It seems like the oil market is finally getting to the point where it is breaking the will of oil producers to keep pumping. With oil recently falling below $30 a barrel, producers from around the world are not only turning off drilling rigs, they are starting to shut down oil wells, too. Meanwhile, others are more open to shutting down than they've been in the past. If more shutdowns occur, it could finally allow the market to begin to use up some of the glut of oil in storage, which would put the firm bottom under the price of oil that the market so desperately needs.
Flipping the switch
The price of crude falling below $30 a barrel in 2016 has caused some significant regional price dislocations, with Canada particularly hard-hit because of its lack of export pipeline capacity. In fact, the price of its oil benchmark, Western Canadian Select, has fallen below $20 a barrel. At that price, a growing portion of the country's oil production is uneconomic, which is forcing producers in the country, including Baytex Energy (NYSE:BTE) and Canadian Natural Resources (NYSE:CNQ), to have already shut in more than 35,000 barrels a day of oil production.
In fact, even before crude fell to its most recent level, producers were shutting down drilling rigs and turning off oil pumps. Baytex Energy, for example, announced last quarter that it had not only suspended heavy oil drilling in Canada, but shut in 2,400 BOE/d of uneconomic production, while Canadian Natural Resources shut in 5,700 Boe/d due to "unfavorable economic conditions." For Baytex Energy, the shut-ins resulted in its production declining from 84,770 BOE/d in the second quarter to 82,170 BOE/d in the third quarter.
Further, given additional production shut-ins and a significant capex reduction, the company only expects to produce between 74,000 to 78,000 BOE/d in 2016, which, at the mid-point, is a 10% year-over-year decline in production. Meanwhile, as a result of its production shut-ins and reduced drilling activity, Canadian Natural Resources' convention production has already decreased 8% year over year and 2% sequentially.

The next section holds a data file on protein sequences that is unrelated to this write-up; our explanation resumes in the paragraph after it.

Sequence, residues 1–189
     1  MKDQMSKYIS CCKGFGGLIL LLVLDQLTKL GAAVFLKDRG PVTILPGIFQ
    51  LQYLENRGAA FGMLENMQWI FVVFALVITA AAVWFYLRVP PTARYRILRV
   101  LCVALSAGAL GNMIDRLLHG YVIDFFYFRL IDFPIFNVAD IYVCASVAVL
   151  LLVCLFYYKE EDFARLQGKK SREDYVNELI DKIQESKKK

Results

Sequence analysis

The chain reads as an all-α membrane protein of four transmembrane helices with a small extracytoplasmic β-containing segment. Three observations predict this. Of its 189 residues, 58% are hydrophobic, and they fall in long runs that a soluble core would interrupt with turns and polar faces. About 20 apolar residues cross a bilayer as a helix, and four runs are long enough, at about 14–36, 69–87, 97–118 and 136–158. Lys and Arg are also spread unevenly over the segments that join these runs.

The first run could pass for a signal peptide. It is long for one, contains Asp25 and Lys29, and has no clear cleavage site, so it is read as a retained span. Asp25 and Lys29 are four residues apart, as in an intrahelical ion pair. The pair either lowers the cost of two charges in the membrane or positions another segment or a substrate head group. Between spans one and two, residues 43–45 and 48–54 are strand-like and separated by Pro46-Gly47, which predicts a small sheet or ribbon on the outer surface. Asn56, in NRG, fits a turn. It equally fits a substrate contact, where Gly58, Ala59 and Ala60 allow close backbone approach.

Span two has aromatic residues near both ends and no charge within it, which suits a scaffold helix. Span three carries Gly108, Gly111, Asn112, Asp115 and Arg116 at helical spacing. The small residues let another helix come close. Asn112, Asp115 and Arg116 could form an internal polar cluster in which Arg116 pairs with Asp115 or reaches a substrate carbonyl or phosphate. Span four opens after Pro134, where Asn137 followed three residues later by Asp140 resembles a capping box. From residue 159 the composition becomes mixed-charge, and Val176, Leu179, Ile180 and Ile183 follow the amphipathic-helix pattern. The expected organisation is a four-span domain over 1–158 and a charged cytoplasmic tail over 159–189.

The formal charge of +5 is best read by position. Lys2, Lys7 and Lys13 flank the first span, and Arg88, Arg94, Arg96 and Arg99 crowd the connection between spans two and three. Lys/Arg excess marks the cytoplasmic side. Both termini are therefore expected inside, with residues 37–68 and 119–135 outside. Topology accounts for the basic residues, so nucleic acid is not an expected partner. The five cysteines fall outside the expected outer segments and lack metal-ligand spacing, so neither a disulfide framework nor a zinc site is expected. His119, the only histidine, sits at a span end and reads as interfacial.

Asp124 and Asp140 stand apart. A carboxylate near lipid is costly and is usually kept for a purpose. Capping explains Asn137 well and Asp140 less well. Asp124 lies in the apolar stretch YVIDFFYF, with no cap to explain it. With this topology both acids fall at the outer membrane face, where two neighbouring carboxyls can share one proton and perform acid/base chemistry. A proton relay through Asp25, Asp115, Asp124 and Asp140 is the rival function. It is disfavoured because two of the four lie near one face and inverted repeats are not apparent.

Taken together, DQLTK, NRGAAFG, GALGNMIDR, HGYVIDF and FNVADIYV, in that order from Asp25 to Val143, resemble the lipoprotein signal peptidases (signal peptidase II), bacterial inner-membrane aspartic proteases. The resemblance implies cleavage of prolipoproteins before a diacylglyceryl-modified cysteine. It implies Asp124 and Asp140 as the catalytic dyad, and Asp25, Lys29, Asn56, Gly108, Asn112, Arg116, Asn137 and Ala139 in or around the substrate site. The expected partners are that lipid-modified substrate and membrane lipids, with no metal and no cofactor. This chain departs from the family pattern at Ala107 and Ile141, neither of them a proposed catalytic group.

In addition to that, China's biggest offshore producer, Cnooc, recently announced that it will reduce its production for the first time in more than a decade. The company plans to cut its spending by more than 10%, which could cause its production to fall by as much as 5%. Further, because of these cuts, it doesn't expect its production to regain last year's level for at least two more years because it's a lot harder to reverse a production decline once it sets in.
Ready to pull the plug
On top of the production cuts already in motion, other producers are getting ready to reduce their production. Russia, for example, could cut its crude oil exports by as much as 6.4% in 2016, according to a report. This is based on applications that the country's oil pipeline monopoly, Transeft, has received from Russian producers and amounts to upwards of 460,000 barrels of oil per day coming off the market. The country, which has said in the past it wouldn't join OPEC in a coordinated production cut, now appears poised to reduce its oil supply. However, that reduction isn't by choice, but is largely due to the impact of western sanction, which have frozen the development of new oil projects in the country, making it harder for producers to overcome the 8%-11% average decline rate of its oil fields in Siberia.
In addition to that, Oman became the first non-OPEC member to signal its willingness to join a coordinated production cut with OPEC. In fact, the country is willing to slash its output by up to 10% if other countries do the same. Having said that, the major sticking point to a coordinated cut between OPEC and other non-producers has always been Russia. So, it remains to be seen whether the export reduction Transeft is seeing means it intends to wave the white flag and join in on a coordinated effort, or if the applications are down simply due to normal field decline. However, with the price of crude down by roughly a third since OPEC's last meeting, it is causing many market participants to worry that oil might not bottom until OPEC leads a coordinated effort reduce supply so that the market can eat into its burgeoning inventory levels.
The oil price has gotten so low that some wells have reached the breaking point and are no longer economic and need to be shut down. At the same time, it's breaking the will of a lot of producers to continue to pump at maximum capacity, which is why we're seeing some signs that producers are either cutting, or willing to cut output. That might finally finally lead to an effort to stop overproducing so that the market has some time to work off the glut, which appears to be what's needed for the price of oil to finally hit bottom.
Matt DiLallo has no position in any stocks mentioned. The Motley Fool has no position in any of the stocks mentioned. Try any of our Foolish newsletter services free for 30 days. We Fools may not all hold the same opinions, but we all believe that considering a diverse range of insights makes us better investors. The Motley Fool has a disclosure policy.